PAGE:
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What did we do?
Tour De Nunga is a 4-day mountain bike riding event and ongoing mentoring program focussed on creating opportunities and developing leadership in Aboriginal Communities.
Indigenous Sport Development Officers, whose roles are part-funded by the Commonwealth Government’s Indigenous Sport Program (ISP), engage with young people in their local areas in Ceduna, Adelaide, Port
Augusta, Port Lincoln and the Maralinga Lands to identify young Aboriginal people interested in developing leadership skills. A variety of engagement processes are used to develop a small network of people across the state who participate in the program and then become advocates for physical activity in their communities.
What went well?
In establishing the program, the vision was that it could be developed in partnership with Aboriginal communities and if they wanted, the program could transition to them over time, working toward a sustainable model with strong community ownership.
Whilst no formal evaluation has been done at this stage, the level of community buy-in has been increasing over the last 18 months and we are starting to see some ownership in relation to outcomes. Communities are becoming more willing to support the project, financially and with regard to time and effort.
The change in community perceptions and appreciation of the value of the program has grown, with recognition of the value of the sporting activity/ event, and an opportunity for the development of real skills that can have value for Aboriginal communities across the state.
What was new or different about this engagement?
In the lead-up to the event, much of the engagement was undertaken through both individual and contact networks, including face-to-face approaches to determine interest.
An initial group of eleven attended a Leadership Camp to introduce them to mountain bike riding with the aim of developing riding skills and techniques, an understanding of bike repair and maintenance and how to lead ride- groups safely. In addition, members of local Aboriginal communities and Aboriginal service providers were engaged to discuss aspects of leadership with the group.
The Australian Indigenous Leadership Centre provided a structured program to help individuals identify existing leadership skills and develop new ones, and apply these learnings during the camp.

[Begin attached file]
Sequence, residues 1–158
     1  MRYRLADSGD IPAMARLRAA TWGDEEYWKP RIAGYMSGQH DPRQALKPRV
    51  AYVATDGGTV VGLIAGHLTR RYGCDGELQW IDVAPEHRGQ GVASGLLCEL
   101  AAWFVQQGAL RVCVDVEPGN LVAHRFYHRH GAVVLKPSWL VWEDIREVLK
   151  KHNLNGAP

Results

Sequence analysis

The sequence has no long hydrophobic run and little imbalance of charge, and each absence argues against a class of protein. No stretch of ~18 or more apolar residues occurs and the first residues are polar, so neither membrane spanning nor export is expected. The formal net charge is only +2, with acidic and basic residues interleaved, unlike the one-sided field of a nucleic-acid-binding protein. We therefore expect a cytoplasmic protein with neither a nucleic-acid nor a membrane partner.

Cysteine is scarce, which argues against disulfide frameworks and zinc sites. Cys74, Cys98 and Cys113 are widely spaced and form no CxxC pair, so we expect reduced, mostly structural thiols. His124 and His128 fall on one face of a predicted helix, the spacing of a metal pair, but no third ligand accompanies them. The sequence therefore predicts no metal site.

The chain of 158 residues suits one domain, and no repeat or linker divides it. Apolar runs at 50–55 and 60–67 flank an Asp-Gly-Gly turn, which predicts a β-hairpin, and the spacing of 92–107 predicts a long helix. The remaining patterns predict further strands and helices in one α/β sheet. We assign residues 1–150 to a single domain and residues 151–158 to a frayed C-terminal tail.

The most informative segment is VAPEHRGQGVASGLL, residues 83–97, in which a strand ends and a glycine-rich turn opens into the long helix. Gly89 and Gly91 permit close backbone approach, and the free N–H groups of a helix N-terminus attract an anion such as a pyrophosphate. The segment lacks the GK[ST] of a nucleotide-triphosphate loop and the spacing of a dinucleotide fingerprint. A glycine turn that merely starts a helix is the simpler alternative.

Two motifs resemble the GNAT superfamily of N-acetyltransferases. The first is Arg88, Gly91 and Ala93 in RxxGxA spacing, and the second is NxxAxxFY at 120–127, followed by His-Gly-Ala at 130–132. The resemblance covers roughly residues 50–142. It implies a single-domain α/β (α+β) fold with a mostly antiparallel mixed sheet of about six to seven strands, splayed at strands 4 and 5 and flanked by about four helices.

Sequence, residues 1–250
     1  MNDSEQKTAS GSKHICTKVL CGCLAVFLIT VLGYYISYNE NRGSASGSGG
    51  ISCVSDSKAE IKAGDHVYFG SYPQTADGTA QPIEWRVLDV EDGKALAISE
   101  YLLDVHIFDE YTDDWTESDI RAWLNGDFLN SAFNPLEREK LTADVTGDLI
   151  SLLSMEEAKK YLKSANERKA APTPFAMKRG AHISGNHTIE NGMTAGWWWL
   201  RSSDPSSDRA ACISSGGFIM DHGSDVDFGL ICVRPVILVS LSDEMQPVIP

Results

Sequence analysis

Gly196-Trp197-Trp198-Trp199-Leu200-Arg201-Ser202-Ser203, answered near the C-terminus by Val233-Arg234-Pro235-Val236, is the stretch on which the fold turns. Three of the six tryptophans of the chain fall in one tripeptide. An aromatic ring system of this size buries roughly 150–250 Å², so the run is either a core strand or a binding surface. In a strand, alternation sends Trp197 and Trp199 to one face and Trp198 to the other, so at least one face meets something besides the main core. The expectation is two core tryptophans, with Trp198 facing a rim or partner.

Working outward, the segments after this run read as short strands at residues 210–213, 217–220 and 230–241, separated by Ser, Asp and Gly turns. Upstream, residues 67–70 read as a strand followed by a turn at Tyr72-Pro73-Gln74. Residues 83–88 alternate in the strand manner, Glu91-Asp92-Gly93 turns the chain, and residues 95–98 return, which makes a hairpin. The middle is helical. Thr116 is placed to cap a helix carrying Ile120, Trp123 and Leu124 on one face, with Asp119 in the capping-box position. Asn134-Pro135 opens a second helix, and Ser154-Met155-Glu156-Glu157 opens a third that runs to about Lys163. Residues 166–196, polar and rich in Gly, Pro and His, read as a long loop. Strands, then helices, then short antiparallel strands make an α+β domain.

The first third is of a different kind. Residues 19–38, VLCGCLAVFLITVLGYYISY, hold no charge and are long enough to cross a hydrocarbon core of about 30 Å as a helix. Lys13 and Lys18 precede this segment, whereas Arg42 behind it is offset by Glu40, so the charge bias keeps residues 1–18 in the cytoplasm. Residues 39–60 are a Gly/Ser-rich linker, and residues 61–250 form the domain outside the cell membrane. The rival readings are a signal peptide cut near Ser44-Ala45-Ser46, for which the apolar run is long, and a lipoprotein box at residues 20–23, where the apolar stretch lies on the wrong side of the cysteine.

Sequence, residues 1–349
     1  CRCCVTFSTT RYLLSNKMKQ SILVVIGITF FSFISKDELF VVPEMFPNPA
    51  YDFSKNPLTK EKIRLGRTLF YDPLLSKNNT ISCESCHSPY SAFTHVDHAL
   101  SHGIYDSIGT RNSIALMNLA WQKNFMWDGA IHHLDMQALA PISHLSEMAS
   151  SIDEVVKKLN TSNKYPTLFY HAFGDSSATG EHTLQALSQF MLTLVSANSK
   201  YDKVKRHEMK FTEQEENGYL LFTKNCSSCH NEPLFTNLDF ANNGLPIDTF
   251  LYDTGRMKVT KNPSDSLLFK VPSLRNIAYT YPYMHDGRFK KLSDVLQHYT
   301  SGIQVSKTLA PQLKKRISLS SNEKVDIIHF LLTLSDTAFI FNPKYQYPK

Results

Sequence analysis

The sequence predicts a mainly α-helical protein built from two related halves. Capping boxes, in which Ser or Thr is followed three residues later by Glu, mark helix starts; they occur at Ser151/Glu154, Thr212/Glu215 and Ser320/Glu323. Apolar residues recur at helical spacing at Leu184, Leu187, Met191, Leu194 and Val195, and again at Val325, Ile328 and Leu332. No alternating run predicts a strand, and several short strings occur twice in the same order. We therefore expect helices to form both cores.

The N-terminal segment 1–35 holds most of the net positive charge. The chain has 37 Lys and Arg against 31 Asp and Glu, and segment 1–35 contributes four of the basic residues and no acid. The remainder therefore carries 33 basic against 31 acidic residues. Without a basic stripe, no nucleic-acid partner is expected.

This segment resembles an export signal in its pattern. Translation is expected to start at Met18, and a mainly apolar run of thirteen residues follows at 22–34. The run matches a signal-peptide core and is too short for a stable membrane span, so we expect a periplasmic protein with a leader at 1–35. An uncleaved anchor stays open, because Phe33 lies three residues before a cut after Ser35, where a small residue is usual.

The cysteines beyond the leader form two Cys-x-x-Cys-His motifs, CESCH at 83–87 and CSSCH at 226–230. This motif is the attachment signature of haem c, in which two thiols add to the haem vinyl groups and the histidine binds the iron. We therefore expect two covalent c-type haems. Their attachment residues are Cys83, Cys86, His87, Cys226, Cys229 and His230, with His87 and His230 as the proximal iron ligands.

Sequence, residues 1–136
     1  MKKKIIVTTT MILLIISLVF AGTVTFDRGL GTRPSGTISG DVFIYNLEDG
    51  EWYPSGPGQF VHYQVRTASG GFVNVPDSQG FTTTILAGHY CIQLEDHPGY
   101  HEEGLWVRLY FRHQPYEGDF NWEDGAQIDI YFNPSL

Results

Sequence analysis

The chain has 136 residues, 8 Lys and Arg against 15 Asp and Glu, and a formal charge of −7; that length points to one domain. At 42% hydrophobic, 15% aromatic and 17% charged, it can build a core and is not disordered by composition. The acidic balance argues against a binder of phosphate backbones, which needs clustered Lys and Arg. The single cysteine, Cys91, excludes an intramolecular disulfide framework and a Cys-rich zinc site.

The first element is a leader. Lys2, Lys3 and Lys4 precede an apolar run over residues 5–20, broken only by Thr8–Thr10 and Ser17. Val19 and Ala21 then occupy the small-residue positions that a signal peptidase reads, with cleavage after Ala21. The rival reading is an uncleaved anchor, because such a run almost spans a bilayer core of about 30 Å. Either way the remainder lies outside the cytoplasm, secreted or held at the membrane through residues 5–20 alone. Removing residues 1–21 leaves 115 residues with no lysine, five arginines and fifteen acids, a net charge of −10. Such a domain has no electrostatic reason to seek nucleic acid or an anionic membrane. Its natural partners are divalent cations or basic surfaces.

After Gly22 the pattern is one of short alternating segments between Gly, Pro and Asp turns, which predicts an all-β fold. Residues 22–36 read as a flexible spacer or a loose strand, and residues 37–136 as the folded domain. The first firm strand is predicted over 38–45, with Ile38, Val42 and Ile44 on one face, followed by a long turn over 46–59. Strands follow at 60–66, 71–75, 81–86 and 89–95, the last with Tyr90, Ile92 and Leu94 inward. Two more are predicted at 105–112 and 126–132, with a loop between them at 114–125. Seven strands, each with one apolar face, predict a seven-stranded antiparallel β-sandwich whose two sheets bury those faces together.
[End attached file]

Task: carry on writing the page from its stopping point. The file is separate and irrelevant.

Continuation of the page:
Access to the broader community was through the initial group of participants, other ISP programs, community representatives in the Wilpena area, and sponsors who provided financial and in-kind support for the event.
Leadership Camp participants undertook community rides in Adelaide, Port Augusta and Port Lincoln in the lead up to the main Tour De Nunga event.
The final event attracted 46 participants and a variety of sponsorship and other support. While feedback from participants, sponsors and supporters was
very positive, engagement with local Aboriginal communities as part of a plan to provide a cultural enrichment aspect of the event was not as effective as it could have been. In feedback, participants were clear that they would have liked to see and hear more about the local country and culture.
What would you do differently next time?
We are adding to the community engagement model as we go, broadening the base of potential partners so that we can try and hand over a plan that can be sustainable over time and flexible enough to be managed as separate components (ie single day rides in different regions) rather than staging major events. As we have done previously, we would involve community representatives in scoping as it gives them a better understanding of what we are trying to do. As we had never undertaken a project of this nature before - a major event overlaying a leadership journey, in a fairly remote regional location and trying to attract young people from all over the state to an activity they wouldn’t normally engage in - we learnt a lot on the run. We now have a much better understanding of the time and effort that needs to be put into building relationships, trust and getting buy-in before starting the journey. There are lots of complications in a project like this, however, and there was a fair bit of chicken or egg as the local stakeholders had to see what the program could look like, and what the young people would get out of the program before the stakeholders could really commit to it.
Were there any unexpected outcomes?
After struggling initially to engage with stakeholders in the region where the event and Leadership Camp were conducted, involving them in scoping the following year’s event brought about significant buy-in and had them advocating for us in the community. This is likely to result in broader partnership/sponsorship opportunities and hopefully a more sustainable future for the program.